Vietnam War

Michael LaMore

Tet Offensive

According to the Naval history and heritage command center, From Febuary of 1965 to the end after the U.S. got involved in 1973, U.S. and allied troops fought the North Vietnamese in such places as the IA Dang Valley, Dak To, which were all victories for the non-communist forces. (4) The top leadership of the Democratic Republic of Vietnam, also known as the DRV, gathered in Hanoi on July 6, 1967. (Zabecki 1) This gathering was due to the death of Senior-general Nguyen Chi Thanh, who was recently the military commander of southern Vietnam.


Vietnam's lasting legacy

It was about 1965 when president Lyndon Johnson started escalating troops in southeast Asia. As John Ewing states "Vietnam was not yet a household name". (1)America's presence in Vietnam grew, and disinterest was replaced by a fierce debate.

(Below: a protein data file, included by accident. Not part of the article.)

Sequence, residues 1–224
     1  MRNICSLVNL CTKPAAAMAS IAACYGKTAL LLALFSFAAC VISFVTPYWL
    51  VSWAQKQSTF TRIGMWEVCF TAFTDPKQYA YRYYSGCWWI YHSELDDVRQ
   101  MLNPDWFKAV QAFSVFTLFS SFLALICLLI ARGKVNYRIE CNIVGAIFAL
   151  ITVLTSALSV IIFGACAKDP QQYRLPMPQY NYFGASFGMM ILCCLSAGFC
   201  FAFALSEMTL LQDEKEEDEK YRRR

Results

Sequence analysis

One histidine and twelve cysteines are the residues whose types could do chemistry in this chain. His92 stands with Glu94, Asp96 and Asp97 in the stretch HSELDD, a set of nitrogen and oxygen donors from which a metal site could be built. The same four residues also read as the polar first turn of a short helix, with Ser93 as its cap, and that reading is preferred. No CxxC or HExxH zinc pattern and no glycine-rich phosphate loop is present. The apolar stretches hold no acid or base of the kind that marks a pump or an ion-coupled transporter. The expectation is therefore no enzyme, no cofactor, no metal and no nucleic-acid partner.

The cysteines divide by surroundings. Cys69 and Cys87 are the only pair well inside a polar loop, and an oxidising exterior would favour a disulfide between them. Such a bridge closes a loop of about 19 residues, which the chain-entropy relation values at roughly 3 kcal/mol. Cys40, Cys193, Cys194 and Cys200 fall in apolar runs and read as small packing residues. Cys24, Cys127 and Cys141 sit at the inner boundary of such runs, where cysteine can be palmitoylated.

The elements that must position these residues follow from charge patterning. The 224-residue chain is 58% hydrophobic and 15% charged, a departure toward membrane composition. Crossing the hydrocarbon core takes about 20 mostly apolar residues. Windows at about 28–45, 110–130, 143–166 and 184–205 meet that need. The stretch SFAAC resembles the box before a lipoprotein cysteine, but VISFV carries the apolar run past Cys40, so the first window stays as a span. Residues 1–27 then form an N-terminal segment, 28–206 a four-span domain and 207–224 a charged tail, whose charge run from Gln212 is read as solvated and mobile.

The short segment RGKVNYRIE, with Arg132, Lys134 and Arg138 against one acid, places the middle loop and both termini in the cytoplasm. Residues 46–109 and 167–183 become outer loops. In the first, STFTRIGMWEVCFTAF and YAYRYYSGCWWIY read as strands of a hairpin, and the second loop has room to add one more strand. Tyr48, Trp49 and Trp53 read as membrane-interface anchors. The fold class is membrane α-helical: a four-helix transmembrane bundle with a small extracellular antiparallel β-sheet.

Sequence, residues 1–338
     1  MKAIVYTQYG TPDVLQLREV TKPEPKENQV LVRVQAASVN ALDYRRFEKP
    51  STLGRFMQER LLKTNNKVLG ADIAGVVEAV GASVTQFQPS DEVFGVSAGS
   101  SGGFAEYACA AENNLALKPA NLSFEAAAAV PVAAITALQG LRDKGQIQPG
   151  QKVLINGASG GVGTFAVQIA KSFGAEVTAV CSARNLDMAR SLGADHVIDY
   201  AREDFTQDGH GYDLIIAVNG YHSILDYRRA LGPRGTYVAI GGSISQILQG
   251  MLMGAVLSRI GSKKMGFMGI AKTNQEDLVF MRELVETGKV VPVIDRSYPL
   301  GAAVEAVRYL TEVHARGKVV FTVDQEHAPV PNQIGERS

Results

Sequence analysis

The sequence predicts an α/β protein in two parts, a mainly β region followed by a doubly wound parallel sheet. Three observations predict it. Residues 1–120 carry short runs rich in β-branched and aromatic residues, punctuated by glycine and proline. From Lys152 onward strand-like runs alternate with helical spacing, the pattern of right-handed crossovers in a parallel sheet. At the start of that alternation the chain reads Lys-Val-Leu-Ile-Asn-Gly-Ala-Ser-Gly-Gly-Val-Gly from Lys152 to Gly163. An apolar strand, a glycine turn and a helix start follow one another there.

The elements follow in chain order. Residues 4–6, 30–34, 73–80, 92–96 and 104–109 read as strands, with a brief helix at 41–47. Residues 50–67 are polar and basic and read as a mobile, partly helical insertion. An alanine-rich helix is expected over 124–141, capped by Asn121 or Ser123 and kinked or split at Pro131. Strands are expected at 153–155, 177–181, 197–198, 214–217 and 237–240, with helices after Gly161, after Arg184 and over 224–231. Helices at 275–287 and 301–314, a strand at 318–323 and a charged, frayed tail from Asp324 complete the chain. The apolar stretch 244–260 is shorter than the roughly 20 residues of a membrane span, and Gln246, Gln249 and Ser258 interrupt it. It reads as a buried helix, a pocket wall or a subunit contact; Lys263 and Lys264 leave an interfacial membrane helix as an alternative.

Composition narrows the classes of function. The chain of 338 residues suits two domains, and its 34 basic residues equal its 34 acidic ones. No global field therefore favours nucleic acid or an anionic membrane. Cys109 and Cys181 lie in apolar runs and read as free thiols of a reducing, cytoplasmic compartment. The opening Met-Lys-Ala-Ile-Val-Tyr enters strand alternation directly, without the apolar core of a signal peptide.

According to John Ewing "The strategic reasoning driving America's military involvement in Vietnam was part of the larger US policy to stop the spread of communism throughout the world. (3)

Works Cited

Ewing, John. "Vietnam’s Lasting Legacy."


Khong, Yuen Foong. "Vietnam, the Gulf, and US choices: A comparison."Security Studies 2.1 (1992): 74-95.


Pape, Robert A. "Coercive air power in the Vietnam War." International Security 15.2 (1990): 103-146.


Swaykos, Joseph W. Operational Art in the Tet Offensive-A North Vietnamese Perspective. NAVAL WAR COLL NEWPORT RI, 1996.


Trafton, Dwight E. Intelligence failure and its prevention. NAVAL WAR COLL NEWPORT RI DEPT OF OPERATIONS, 1994.


Zabecki, David T. "Tet Offensive: Vietnam War." United States at War: Understanding Conflict and Society (2008).